The Surprising Adventures of Baron Munchausen eBook

Rudolf Erich Raspe
This eBook from the Gutenberg Project consists of approximately 156 pages of information about The Surprising Adventures of Baron Munchausen.
could not proceed without tasting them.  There were about five thousand people in his train; he ordered them all to stop, and sent word to the church he could not attend mass till next day; then alighting from his horse (for the Pope always rides on horseback upon these occasions) he went into her stall, and ate every oyster she had there, and afterwards retired into the cellar where she had a few more.  This subterraneous apartment was her kitchen, parlour, and bed-chamber.  He liked his situation so much that he discharged all his attendants, and to make short of the story, His Holiness passed the whole night there!  Before they parted he gave her absolution, not only for every sin she had, but all she might hereafter commit.

Now, gentlemen, I have his mother’s word for it (and her honour cannot be doubted), that Baron Tott is the fruit of that amour.  When Tott was born, his mother applied to His Holiness, as the father of her child; he immediately placed him under the proper people, and as he grew up gave him a gentleman’s education, had him taught the use of arms, procured him promotion in France, and a title, and when he died he left him a good estate.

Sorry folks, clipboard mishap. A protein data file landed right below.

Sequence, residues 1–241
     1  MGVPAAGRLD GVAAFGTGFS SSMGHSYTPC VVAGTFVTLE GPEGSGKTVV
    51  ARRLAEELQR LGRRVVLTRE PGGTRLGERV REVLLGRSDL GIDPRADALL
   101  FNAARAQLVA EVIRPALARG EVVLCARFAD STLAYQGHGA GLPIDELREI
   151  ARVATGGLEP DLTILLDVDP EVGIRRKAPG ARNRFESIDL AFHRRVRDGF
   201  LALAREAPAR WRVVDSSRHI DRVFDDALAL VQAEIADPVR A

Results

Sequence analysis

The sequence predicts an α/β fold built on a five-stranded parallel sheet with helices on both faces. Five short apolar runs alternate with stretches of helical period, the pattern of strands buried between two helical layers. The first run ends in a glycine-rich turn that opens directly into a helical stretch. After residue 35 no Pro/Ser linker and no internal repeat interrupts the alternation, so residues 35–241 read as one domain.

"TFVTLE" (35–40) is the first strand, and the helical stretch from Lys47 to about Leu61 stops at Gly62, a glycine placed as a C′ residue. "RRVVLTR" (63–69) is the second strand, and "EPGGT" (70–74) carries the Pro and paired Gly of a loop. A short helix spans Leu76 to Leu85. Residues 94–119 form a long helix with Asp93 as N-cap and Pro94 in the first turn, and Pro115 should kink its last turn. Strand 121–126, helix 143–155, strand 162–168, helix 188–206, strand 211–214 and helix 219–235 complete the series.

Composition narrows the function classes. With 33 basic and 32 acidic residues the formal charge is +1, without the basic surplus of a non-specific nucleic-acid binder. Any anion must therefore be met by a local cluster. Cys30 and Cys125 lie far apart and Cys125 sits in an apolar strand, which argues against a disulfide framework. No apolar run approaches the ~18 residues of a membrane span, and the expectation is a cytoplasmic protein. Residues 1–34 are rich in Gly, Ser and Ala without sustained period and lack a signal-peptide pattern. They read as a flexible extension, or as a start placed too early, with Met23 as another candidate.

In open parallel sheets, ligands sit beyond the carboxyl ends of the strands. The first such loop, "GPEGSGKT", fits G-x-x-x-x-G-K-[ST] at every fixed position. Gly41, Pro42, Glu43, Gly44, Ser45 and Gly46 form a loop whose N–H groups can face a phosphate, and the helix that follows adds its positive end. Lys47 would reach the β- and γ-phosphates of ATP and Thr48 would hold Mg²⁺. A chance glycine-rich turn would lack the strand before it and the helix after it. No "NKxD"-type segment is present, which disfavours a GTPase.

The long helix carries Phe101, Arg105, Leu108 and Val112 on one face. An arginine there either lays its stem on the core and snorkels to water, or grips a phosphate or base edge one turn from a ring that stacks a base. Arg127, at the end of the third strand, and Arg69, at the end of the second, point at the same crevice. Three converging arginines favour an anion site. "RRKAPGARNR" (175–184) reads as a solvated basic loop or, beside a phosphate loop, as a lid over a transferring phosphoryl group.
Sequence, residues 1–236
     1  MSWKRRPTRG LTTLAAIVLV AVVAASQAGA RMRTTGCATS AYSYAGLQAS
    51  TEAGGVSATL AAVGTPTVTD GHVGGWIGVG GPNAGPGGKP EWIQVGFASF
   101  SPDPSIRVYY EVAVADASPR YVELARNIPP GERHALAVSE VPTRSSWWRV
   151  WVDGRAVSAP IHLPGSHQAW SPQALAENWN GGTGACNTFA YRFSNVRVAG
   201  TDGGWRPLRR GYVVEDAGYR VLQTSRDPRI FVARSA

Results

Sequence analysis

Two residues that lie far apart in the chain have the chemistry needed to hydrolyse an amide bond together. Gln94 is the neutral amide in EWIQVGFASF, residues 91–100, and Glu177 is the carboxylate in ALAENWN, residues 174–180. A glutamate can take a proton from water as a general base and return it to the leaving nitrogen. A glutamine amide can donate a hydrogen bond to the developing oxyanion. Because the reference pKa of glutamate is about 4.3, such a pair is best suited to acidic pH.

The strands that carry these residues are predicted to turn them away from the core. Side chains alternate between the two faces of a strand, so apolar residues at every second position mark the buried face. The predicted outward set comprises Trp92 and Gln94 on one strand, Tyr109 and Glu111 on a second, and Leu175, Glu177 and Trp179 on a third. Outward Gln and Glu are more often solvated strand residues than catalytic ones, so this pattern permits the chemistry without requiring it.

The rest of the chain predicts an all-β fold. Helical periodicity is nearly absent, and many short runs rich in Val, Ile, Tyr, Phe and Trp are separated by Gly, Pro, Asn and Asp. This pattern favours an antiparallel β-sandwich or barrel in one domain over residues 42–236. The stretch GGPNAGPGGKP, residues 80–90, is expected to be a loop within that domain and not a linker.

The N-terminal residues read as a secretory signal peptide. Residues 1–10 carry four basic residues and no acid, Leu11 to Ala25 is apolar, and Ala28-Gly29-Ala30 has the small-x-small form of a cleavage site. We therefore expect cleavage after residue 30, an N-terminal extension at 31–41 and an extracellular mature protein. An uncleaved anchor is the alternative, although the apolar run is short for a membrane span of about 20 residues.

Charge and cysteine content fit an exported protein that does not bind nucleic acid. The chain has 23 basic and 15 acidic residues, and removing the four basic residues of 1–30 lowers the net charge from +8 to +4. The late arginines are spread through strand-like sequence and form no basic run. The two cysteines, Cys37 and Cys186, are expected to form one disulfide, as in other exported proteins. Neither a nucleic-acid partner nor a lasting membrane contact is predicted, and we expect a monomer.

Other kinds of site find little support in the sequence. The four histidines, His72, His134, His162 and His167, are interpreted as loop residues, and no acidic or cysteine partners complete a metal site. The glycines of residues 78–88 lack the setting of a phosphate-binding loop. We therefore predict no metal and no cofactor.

CHAPTER XV

A further account of the journey from Harwich to Helvoetsluys—­ Description of a number of marine objects never mentioned by any traveller before—­Rocks seen in this passage equal to the Alps in magnitude; lobsters, crabs, &c., of an extraordinary magnitude—­A woman’s life saved—­The cause of her falling into the sea—­Dr. Hawes’ directions followed with success.

I omitted several very material parts in my father’s journey across the English Channel to Holland, which, that they may not be totally lost I will now faithfully give you in his own words, as I heard him relate them to his friends several times.

“On my arrival,” says my father, “at Helvoetsluys, I was observed to breathe with some difficulty; upon the inhabitants inquiring into the cause, I informed them that the animal upon whose back I rode from Harwich across to their shore did not swim!  Such is their peculiar form and disposition, that they cannot float or move upon the surface of the water; he ran with incredible swiftness upon the sands from the shore, driving fish in millions before him, many of which were quite different from any I had yet seen, carrying their heads at the extremity of their tails.  I crossed,” continued he, “one prodigious range of rocks, equal in height to the Alps (the tops or highest parts of these marine mountains are said to be upwards of one hundred fathoms below the surface of the sea), on the sides of which there was a great variety of tall, noble trees, loaded with marine fruit, such as lobsters, crabs, oysters, scollops, mussels, cockles, &c. &c.; some of which were a cart-load singly! and none less than a porter’s!  All those which are brought on shore and sold in our

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The Surprising Adventures of Baron Munchausen from Project Gutenberg. Public domain.
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